It’s been a while since I made a genuine “mixed tape” for Cheryl. I frequently make CD’s for her to listen to in her car, but it’s mostly with the latest Christian music. I’m thinking she needs another true “mixed tape”. You know…the mushy kind…with all the romantic love songs.
What songs should I include?
Honestly, I’m asking more because we both like songs about love, commitment, marriage…Whether country, Christian, slow rock or jazz…there are some times we just love the romantic tunes…(Please don’t tell the guys I work with!)
So, seriously, whether I make a mixed tape or not, what is your favorite love song?
If YOU were making a mixed tape, (have you ever made one?) what songs would be on it?
Do you and your special one have a “song”? What is it?
I had an awesome opportunity to speak to the ROTC Leadership Program at the University of Kentucky this week. As a proud supporter of our military, and loving to invest in young leaders, this was a real honor.
As I waited outside one of the classes, I saw the posters in this picture on the wall. When I inquired about them, I was told these are the Army’s Warrior Ethos, which are “guiding principles of our profession” according to my Lieutenant Colonel host.
If you can’t read them, they are:
I will always place the mission first
I will never accept defeat
I will never quit
I will never leave a fallen comrade
Another banner asked: Are you Army strong?
I couldn’t help but wonder: Could these work for a church also?
What do you think?Should we adopt an Army Warrior Ethos?
What other similarities are there between the military and being a believer?
I saw a news report on this recently. I laughed. No pun intended.
There are clubs like this around the world. Laughing yoga has become somewhat of an institution. In fact, there’s an International Laughing Yoga association. See it HERE. Go to YouTube and you’ll see all kinds of reports on laughing yoga.
Here’s an excerpt CNN did recently:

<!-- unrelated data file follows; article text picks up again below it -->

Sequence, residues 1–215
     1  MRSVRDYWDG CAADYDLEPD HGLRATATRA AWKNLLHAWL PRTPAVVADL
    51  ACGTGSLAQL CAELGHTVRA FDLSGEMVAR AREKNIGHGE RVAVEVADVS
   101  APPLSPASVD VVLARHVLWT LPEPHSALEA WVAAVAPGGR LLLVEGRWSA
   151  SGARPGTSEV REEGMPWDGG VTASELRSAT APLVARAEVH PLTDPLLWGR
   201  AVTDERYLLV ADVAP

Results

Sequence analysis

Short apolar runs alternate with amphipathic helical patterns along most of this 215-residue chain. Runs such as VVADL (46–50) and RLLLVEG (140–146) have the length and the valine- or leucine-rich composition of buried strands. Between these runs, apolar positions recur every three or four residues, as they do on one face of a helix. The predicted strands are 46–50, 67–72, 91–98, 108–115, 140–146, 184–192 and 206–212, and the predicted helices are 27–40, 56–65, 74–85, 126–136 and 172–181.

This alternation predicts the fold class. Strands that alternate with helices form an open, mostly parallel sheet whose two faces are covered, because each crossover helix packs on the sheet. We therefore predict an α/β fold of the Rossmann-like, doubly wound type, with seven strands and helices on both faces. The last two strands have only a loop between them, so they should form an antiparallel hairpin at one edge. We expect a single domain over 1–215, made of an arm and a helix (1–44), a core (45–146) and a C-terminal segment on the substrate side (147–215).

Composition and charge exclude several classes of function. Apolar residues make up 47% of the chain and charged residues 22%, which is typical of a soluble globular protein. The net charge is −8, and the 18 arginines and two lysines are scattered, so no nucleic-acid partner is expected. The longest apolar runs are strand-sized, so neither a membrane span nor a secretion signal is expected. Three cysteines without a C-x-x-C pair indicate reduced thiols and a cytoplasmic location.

What do you think?
Do you buy into the benefits of “fake” laughter?
BTW, I’m thinking we may try this at our next staff meeting. We are laughing anyway…may as well call it something! Ha! In fact…Ha! Ha! Ha!
That is…a platform from which they can lead. They have an inner desire to lead people, take them somewhere, invest in others, improve the world around them, make a difference. Healthy organizations find a place to build that platform within the organization.
One nice part of the growth of the online world is the ability all leaders have now to build a platform. Leaders can lead online through blogs and Twitter and other forms of social media, all while being within the same organization.
Recently I heard of a church I respect limiting their staff’s public exposure. With their growth they apparently felt a need to get more control over what is being said about the church. Staff is no longer permitted to blog, Twitter or Facebook during “working hours”. That may seem to make sense now, to limit what leaders are saying outside the organization and make the organization more effective, but it won’t make sense longterm, in my opinion, for three reasons:
By limiting the leader’s ability to create a platform, they are stifling the leader.
The workplace now includes social media and we must learn to let this work for the organization not against it.